The Deputy Chairperson of the National Council of Provinces, Ms Sylvia Lucas, told the women of Sara Baartman District and Nelson Mandela Metropolitan Municipality in Gqebera recently that report-back sessions are a point of convergence between women and their government representatives on the points of interest relating to women that are contained in the 2021 Women’s Charter for Accelerated Development.

Ms Lucas reminded the women who filled New Brighton’s Mangoza Jebe Hall in Gqebera that Parliament reached out to all women in 2019 to solicit their views on the 1994 Women’s Charter, 25 years after it was adopted as a revised version of the 1954 Women’s Charter. The 1994 review led to the adoption of the 2021 Women’s Charter for Accelerated Development.

The Eastern Cape report-back session, which took place a few weeks after Women’s Month came to a close at the end of August, brought provincial, legislative and local councillors to communities of women to present to them the government’s responses to their issues and to establish the extent to which democracy works for them. Also present in the Gqebera session was the Commission for Gender Equality and the Finance and Fiscal Commission (FFC).

The Eastern Cape government’s MEC for Social Development, Ms Bukiwe Fanta, who represented the Eastern Cape Premier, reported on the steps the Eastern Cape government has taken to appoint women in key government leadership positions. She said women comprise 60 per cent of the Eastern Cape provincial cabinet, while seven provincial government departments have female heads. “We are fortunate in this province of the legends that there are well-educated and knowledgeable women whose appointments are fitting,” said Ms Fanta.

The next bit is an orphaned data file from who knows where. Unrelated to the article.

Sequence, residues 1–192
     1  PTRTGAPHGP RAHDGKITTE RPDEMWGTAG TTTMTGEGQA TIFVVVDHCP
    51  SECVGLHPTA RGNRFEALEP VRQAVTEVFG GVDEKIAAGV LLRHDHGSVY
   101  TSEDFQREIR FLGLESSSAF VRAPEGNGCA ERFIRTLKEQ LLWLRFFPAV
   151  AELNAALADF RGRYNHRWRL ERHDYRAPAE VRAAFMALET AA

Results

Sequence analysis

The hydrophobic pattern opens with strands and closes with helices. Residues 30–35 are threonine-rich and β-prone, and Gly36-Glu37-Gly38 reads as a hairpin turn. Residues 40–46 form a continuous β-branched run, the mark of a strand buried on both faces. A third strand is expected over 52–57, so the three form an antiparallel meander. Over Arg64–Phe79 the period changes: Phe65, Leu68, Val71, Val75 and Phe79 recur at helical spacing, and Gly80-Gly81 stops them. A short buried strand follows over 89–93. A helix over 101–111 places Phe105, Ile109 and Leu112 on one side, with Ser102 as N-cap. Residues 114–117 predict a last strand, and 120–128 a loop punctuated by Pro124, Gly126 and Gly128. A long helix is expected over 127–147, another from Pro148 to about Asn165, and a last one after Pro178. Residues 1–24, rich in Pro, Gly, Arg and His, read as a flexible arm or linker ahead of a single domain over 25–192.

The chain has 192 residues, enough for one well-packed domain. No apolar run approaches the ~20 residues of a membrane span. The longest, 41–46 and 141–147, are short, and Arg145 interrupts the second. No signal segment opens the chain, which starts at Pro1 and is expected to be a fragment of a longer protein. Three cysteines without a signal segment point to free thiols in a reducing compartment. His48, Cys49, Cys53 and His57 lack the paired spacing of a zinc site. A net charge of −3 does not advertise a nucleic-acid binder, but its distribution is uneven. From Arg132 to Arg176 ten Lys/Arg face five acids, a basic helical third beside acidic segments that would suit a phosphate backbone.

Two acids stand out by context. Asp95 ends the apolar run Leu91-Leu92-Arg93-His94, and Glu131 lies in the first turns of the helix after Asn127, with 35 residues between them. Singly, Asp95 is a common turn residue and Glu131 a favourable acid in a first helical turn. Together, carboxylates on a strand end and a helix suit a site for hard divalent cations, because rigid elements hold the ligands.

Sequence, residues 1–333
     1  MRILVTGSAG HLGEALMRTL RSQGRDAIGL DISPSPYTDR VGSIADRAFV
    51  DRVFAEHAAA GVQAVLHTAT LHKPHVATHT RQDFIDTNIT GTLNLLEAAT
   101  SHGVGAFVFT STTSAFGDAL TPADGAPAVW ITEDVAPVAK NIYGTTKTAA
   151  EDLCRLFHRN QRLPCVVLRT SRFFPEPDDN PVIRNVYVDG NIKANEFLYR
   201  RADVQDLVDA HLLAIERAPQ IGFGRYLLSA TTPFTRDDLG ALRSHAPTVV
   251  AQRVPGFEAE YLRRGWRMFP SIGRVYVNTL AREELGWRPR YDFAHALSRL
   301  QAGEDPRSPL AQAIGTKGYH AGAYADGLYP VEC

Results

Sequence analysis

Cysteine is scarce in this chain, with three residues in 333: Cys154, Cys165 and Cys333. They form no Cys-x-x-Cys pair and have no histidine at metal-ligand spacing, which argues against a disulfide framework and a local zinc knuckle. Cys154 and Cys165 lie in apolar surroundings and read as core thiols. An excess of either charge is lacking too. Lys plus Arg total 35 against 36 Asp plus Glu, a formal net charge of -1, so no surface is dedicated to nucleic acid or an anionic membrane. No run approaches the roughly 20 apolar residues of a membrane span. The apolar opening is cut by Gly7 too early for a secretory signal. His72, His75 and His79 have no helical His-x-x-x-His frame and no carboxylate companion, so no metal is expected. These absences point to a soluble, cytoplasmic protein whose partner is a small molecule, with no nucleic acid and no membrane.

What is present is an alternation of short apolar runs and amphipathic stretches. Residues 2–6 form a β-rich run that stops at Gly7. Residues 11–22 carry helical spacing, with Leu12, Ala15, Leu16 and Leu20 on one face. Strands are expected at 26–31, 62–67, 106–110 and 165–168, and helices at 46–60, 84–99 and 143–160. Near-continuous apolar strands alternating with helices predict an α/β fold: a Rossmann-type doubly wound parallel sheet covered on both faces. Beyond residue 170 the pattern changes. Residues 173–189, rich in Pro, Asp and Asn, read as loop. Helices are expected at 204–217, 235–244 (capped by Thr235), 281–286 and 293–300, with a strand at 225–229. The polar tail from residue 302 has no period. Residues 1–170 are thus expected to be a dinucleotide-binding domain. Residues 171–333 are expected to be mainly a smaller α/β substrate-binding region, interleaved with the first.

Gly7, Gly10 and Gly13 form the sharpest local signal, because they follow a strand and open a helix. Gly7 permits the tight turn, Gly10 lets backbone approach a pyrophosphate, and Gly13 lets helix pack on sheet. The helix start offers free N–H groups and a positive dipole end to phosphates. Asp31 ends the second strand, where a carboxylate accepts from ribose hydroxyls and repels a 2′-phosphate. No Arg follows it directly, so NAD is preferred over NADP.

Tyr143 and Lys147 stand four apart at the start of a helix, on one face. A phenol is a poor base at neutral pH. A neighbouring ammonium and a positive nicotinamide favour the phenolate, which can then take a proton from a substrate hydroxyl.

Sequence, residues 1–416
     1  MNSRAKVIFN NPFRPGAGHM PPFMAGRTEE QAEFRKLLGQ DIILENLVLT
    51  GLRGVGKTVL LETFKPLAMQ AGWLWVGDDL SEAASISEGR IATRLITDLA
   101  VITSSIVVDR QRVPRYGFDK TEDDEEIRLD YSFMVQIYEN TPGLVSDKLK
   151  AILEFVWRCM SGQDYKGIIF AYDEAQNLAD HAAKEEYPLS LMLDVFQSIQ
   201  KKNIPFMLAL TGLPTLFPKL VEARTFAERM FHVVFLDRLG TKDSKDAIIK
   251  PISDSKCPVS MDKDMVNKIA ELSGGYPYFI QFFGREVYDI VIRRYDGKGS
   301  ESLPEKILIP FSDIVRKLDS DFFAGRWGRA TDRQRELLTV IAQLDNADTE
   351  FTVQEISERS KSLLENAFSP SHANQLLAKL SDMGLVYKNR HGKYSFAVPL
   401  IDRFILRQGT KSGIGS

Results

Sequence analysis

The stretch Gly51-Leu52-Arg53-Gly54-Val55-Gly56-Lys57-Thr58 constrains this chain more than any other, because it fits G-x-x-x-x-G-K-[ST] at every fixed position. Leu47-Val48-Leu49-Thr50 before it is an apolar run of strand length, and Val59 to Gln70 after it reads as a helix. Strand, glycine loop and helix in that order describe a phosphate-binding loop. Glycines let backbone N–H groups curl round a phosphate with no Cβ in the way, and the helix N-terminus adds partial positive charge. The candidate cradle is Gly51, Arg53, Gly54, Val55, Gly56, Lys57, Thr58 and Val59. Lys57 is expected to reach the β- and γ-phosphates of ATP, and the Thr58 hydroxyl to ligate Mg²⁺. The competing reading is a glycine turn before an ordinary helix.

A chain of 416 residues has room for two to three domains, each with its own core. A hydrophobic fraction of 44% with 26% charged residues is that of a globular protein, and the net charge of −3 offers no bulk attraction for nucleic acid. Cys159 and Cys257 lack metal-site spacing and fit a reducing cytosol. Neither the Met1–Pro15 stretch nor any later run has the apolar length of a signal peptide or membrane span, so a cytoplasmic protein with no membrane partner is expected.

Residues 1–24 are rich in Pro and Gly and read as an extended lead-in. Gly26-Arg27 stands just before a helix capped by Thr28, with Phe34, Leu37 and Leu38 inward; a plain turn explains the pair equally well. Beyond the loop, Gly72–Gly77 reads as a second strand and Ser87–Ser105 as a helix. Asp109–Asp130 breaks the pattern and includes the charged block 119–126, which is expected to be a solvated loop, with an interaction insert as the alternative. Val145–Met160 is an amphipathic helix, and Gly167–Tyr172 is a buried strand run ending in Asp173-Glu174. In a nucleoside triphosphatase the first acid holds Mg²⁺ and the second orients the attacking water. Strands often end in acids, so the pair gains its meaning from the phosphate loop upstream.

Also participating in the report-back session, the FFC’s Ms Nomonde Madubula said despite what has already been achieved, unacceptable gender inequalities remain. She suggested that gender-responsive budgeting is one of the essential tools to achieve gender equality. “This use of the budget to achieve gender equality or equity is called gender-responsive budgeting (GRB). It is about deliberately making the intergovernmental fiscal relation system responsive to the needs of women and contributing to moving women out of poverty,” she emphasised.

GRB is about gender-sensitive resource allocation, integrating a clear gender perspective within the overall context of the budget process and understanding the implications of fiscal decisions on gender, Ms Madubula said.

The FFC believes that budget prioritisation based on the needs of men and women ensures inclusivity and is an innovative strategy to achieve gender equality. Ms Madubula proposed that all budget documentation, including the Division of Revenue Bill, the Medium-Term Budget Policy Statement and departmental strategic and annual performance should include gender-responsive budgeting.

The report-back sessions offered women an opportunity to reflect on the reports presented to them by their government representatives. Some of the issues women highlighted in Queenstown in the Chris Hani District where the first leg of the Eastern Cape report-back session took place included drug abuse by the youth, incapacity of the police as well as gender-based-violence and femicide.

A common issue raised by women in all the provinces visited is the problem of unemployment. Once women reach 35 years of age, they are told by employers that they are too old for employment, while the government says they are too young to receive government pensions.

Mava Lukani
22 September 2022